eDonkey, Overnet and Kad Network

eDonkey is one network used by the popular P2P clients eDonkey 2000 and eMule. It is used to transfer a large amount of data, second only to BitTorrent [3] ( It's main advantage over BitTorrent is that a comprehensive search engine is built into clients. A much broader range of files can be found with it than can be on any BitTorrent search engine. It's main disadvantage against BitTorrent is that file transfers are generally slower.

Overnet was designed as a replacement for the eDonkey network, and many eDonkey clients simultaneously use it. Unlike eDonkey, it is decentralised - there are no stand-alone servers. However, it has yet to surpass it.

The Kad Network is very similar to Overnet, and is also almost exclusively used by clients that primarily use eDonkey. Similarly, it's popularity is relatively low.


FastTrack, often referred to by the name of its first client, Kazaa, utilizes a protocol similar to Gnutella2. For a period around 2002-2003 it had roughly the largest userbase of all networks. However, as of 2005 it is presently third and dropping.

This drop in popularity is due to the protocal not being able to handle large numbers of users, and the network being clogged with corrupted and dummy files placed by rights-holders to disrupt the trade of copyrighted songs.

The Kazaa client installs spyware onto the user's machine. The creators of the spyware-free Kazaa Lite were ordered to cease distribution after a judge ruled that it violated copyrights held by Sharman Networks. Whether or not the presence of spyware outweighs the benefits of the client software is a decision for each individual user to make, and reading about spyware and the related security and privacy risks can only help potential users make the best choice based upon their own needs.

The popular iMesh client also uses FastTrack as it's primary protocal. The open source GiFT plugin is another way to connect to the FastTrack network.

Gnutella and Gnutella2

Developed by Justin Frankel of Nullsoft while Napster was undergoing legal battles, Gnutella was the first truly decentralized client. Since then many advances in the protocol have been made, and Gnutella has been a predominant influence in the world of filesharing.

Originally intended as a means of extending and improving upon Gnutella, Gnutella2 was developed by Michael Stokes, creator of Shareaza. It added an extensible binary packet format, UDP-based search algorithm, and many features originally proposed as additions to Gnutella, such as partial file sharing and packet compression, which alleviated many of the problems caused by outdated clients on the network. Nowadays, modern Gnutella clients support all of these features, and many more, including firewall-to-firewall transfers, are being tested.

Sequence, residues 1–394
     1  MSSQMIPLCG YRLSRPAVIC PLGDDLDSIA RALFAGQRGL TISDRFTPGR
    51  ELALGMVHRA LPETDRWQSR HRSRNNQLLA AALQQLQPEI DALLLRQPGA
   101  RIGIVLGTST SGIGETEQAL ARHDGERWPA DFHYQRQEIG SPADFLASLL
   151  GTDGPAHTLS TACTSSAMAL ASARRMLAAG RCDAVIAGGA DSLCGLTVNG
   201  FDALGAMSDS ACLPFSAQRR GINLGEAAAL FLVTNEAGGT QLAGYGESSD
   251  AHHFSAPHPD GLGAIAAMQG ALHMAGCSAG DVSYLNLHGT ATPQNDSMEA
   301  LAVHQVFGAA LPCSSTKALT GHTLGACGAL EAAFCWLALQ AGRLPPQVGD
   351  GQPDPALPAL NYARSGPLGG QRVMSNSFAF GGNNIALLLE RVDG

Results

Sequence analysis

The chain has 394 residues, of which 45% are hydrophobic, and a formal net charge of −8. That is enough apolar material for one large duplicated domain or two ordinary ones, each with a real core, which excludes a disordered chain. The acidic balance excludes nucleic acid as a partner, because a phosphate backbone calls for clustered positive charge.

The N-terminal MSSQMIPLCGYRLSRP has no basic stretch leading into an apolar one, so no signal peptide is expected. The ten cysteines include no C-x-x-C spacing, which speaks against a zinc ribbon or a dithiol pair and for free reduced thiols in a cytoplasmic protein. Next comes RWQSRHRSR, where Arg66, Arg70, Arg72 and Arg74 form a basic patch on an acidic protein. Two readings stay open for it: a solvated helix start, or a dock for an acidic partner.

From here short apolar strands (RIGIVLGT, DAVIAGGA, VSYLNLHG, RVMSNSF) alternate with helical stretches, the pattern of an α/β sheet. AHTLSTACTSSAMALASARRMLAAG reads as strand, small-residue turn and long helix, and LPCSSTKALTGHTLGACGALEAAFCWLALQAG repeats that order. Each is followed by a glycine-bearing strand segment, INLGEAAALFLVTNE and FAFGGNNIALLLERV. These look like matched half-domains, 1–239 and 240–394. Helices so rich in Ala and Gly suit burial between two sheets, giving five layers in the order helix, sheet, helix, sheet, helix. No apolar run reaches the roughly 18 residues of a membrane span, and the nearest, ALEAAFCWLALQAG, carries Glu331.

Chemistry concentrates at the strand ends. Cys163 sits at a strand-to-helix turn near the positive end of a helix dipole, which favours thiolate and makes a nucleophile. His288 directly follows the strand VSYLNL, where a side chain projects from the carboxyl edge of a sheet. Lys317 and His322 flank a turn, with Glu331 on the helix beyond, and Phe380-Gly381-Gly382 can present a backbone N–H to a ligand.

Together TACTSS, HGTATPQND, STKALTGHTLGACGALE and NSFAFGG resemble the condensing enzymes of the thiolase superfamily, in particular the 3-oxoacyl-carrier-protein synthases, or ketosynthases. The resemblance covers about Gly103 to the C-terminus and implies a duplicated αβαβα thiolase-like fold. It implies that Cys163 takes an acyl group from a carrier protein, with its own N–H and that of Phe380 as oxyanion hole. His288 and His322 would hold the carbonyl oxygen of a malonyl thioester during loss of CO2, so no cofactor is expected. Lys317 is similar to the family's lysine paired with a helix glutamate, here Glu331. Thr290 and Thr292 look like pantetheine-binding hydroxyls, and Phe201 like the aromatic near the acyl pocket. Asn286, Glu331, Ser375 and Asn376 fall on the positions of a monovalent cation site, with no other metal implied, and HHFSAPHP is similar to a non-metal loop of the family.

Popular clients for these networks include:

OpenNap (was Napster)

OpenNap is a modified version of the protocol originally used by the Napster client, which was the first widely used peer-to-peer filesharing application. It is still developed and used in applications such as WinMX.


This is an unofficial name for the protocol used by the WinNY and Share clients. This protocol is the most popular in Japan (2005). It is rarely used outside Asia.


WPNP is the main protocol used by WinMX. This network offered the best results for finding obscure English language material for a period around 2001-02, but it's main use is for asian language material.

In March 2005, The NPD Group found WinMX was used in more US households than any other P2P client or legal music download service [4] ( According to some sources, it is also the second most popular client in Japan.

Popular web sites communities

See also

External links


  • The File Sharing Portal ( File sharing programs reviewed, rated, and download links.
  • MP3 Newswire ( - One of the oldest digital media news sources with extensive coverage on file sharing and technology.
  • ( - A Web Site indexing media content for many different filesharing client using quicklinks (AKA hashlinks)
  • Hack the Planet ( - Wes Felter comments frequently on P2P-related issues in his weblog.
  • OpenP2P ( - O'Reilly's Peer-to-Peer portal with news and papers. Interesting for developers and businesses.
  • Nanotechnology P2P ( - Programs, News, Forums
  • Peer to Peer guide for the Mac ( with overview of p2p-clients for Mac OS X.
  • Planet Peer ( - Planet Peer is a comprehensive portal for mainly anonymous file-sharing programs like MUTE, Freenet and Entropy. We are hosting the official MUTE Wiki also and have a forum which deals with everything concerning issues with anonymous file-sharing tools

different filesharing client using quicklinks (AKA hashlinks)

  • The File Sharing News (
  • Slyck ( - Covering file-sharing and copyright issues along with new and established clients by popularity, size, platform, and more.
  • ( - A Web Site that helps download confirmed, public files from multiple networks.
  • ( - The File Sharing Portal - Programs, News, Forums

Mailing lists

  • Decentralization - Implications of the end-to-end principle ( - A mailing list exclusively devoted to the architecture of P2P-systems, with a lot of traffic and interesting ideas passed around. Founded by Lucas Gonze, with lots of high-profile subscribers from the P2P field. Open since July 2000, and still running past Nov 2002.